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Wales vs Argentina: 5 memorable meetings ahead of the knockouts

By PA
BUENOS AIRES, ARGENTINA: Daffyd Jones (C) of Wales tries to escape through Argentina's Omar Hasan (L) and Nicolas Fernandez Miranda 19 June 2004 in Buenos Aires. Argentina and Wales are facing in the second test match of Welsh team by the country. At the end of the first half Wales beats Argentina 25-0. AFP PHOTO / Daniel GARCIA (Photo credit should read DANIEL GARCIA/AFP via Getty Images)

Wales and Argentina will face each other in a first Rugby World Cup clash since 1999 on Saturday.

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The opening Marseille quarter-final sees Wales start as favourites after they collected 19 points from a possible 20 in winning their pool.

Here, the PA news agency looks back on five memorable Test matches between the two countries.

Wales 43 Argentina 30 (Llanelli, 1998)

Graham Henry’s second game in charge as Wales head coach produced a high-scoring spectacle at Stradey Park. Fly-half Neil Jenkins contributed 23 points and there were tries for Colin Charvis (two), Dafydd James and Mark Taylor. Argentina, playing only their second full international match against Wales following a World Cup pool game eight years earlier, trailed 26-25 at the interval before Henry’s team had enough in the tank to see themselves home.

Argentina 16 Wales 23 (Buenos Aires, 1999)

Wales clinched a first Test series triumph against the Pumas in Argentina by ultimately holding their nerve during a game mainly remembered for a mass brawl. The melee spilled over the touchline and into the dug-out area, with English referee Chris White issuing yellow cards to Wales prop Peter Rogers, plus Argentina forwards Mauricio Reggiardo and Pedro Sporleder. Hooker Garin Jenkins’ try and five Neil Jenkins penalties and a drop goal proved enough.

Argentina 20 Wales 35 (Buenos Aires, 2004)

Wales claimed a first away win against any opponent for three years as they recovered impressively from losing the first Test 50-44 in Tucuman seven days earlier. Mike Ruddock’s team led by 25 points at the interval following Shane Williams’ memorable hat-trick of tries and they then had to hold off a fierce Pumas fightback. Gavin Henson, playing at full-back, kicked 15 points and fly-half Nicky Robinson also touched down.

Head-to-Head

Last 5 Meetings

Wins
2
Draws
1
Wins
2
Average Points scored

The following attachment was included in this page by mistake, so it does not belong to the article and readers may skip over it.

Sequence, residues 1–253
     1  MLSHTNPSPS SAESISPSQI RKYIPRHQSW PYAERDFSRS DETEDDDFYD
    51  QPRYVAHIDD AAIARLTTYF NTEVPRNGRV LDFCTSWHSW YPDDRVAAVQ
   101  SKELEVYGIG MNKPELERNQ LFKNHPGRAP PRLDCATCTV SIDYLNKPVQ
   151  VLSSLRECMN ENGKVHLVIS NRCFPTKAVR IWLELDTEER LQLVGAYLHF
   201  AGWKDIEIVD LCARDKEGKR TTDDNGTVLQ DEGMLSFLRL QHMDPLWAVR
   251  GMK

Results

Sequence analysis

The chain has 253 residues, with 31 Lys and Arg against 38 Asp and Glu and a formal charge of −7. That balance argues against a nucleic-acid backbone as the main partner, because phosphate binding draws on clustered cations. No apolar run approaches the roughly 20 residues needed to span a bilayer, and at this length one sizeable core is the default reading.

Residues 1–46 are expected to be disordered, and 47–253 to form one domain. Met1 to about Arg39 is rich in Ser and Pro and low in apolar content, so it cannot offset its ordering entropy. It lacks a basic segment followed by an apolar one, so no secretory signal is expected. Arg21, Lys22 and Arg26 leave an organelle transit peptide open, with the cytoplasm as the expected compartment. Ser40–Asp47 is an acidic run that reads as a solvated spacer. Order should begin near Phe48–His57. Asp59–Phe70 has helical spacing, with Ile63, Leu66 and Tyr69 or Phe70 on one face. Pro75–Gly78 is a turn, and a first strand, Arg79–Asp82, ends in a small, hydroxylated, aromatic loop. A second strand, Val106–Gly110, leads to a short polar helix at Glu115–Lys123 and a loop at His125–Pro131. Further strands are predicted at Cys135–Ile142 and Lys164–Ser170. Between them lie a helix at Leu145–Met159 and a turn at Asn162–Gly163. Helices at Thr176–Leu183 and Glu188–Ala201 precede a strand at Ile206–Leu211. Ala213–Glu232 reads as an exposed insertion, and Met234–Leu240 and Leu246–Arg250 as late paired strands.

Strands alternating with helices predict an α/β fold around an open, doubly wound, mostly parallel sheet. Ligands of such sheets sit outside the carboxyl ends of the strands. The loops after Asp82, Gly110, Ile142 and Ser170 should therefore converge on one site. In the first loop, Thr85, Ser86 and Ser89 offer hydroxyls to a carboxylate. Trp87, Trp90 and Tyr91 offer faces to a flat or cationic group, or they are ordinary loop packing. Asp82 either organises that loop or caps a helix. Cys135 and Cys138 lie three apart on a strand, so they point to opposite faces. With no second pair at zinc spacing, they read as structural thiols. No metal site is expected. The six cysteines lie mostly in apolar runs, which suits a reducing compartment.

20
21
First try wins
40%
Home team wins
40%

Wales 40 Argentina 6 (Cardiff, 2013)

Wales emphatically ended a run of home defeats in the autumn internationals by posting what remains a record win against Argentina. The tone was set by scrum-half Mike Phillips’ fine solo try after he broke clear from inside his own half and a dominant display also saw George North, Taulupe Faetau and Ken Owens touch down. Leigh Halfpenny booted 20 points on a day that saw prop Gethin Jenkins become the fourth Welshman to win 100 caps.

Argentina 12 Wales 30 (Resistencia, 2018)

Wales’ first series win in Argentina for 19 years was achieved on the back of Rhys Patchell’s outstanding goal-kicking – he landed 20 points – and tries by backs Josh Adams and Hallam Amos. Number eight Ross Moriarty was sent off late in the game, but Wales had already done enough to claim a notable triumph. It concluded a tour that had earlier seen them beat South Africa in Washington DC.

Fixture
Rugby World Cup
Wales
17 - 29
Full-time
Argentina
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Poorfour 4 hours ago
The AI advantage: How the next two Rugby World Cups will be won

AI models are really just larger and less transparent variants of the statistical models that have been in use since Moneyball was invented. And a big difference between the Icahn centre’s results and AI today is that ChatGPT-like Large Language Models can explain (to some degree) how they reached their conclusions. In terms of what impact they will have, I suspect it will have two primary impacts: 1) It will place a premium on coaching creativity 2) It will lead to more selections that baffle fans and pundits. Analysts will be able to run the models both ways: they will see their own team’s and players’ weaknesses and strengths as well as the opposition’s. So they will have a good idea at what the other team will be targeting and the decisive difference may well be which coaches are smart enough to think of a gameplan that the other side didn’t identify and prepare for. For players, it places a premium on three key things: 1) Having a relatively complete game with no major weaknesses (or the dedication to work on eliminating them) 2) Having the tactical flexibility to play a different game every week 3) Having a point of difference that is so compelling that there isn’t a defence for it. (3) is relatively rare even among pro players. There have been only a handful of players over the years where you knew what they were going to do and the problem was stopping it - Lomu would be the classic example. And even when someone does have that, it’s hard to sustain. Billy Vunipola in his prime was very hard to stop, but fell away quite badly when the toll on his body began to accumulate. So coaches will look for (1) - a lack of exploitable weaknesses - and (2) - the ability to exploit others’ weaknesses - ahead of hoping for (3), at least for the majority of the pack. Which is likely to mean that, as with the original Moneyball, competent, unshowy players who do the stuff that wins matches will win out over outrageous talents who can’t adapt to cover their own weaknesses. Which will leave a lot of people on the sidelines sputtering over the non-inclusion of players whose highlights reels are spectacular, but whose lowlight reels have been uncovered by AI… at least until the point where every fan has access to a sporting analysis AI.

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